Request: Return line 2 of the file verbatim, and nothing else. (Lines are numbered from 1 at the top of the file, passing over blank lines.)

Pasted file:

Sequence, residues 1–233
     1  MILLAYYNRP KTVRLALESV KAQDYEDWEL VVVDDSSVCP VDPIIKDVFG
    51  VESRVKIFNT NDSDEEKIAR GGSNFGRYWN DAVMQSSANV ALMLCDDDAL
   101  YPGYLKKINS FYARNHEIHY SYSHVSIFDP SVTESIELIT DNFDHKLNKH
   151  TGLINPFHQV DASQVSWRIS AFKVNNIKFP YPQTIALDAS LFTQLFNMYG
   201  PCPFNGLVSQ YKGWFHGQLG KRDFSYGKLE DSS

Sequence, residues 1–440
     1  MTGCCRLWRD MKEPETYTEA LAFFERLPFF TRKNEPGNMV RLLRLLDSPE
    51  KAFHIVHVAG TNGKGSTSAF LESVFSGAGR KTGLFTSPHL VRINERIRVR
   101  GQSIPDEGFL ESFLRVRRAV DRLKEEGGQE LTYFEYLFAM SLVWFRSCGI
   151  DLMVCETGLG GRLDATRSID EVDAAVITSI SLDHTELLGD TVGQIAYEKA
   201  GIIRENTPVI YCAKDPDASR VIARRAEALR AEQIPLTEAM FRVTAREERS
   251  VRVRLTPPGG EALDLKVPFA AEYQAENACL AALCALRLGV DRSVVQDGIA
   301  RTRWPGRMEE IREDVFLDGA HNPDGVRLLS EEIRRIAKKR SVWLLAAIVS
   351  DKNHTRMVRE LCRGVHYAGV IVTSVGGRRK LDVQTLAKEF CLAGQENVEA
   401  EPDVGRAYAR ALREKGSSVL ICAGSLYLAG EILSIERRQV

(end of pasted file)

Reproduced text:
     1  MILLAYYNRP KTVRLALESV KAQDYEDWEL VVVDDSSVCP VDPIIKDVFG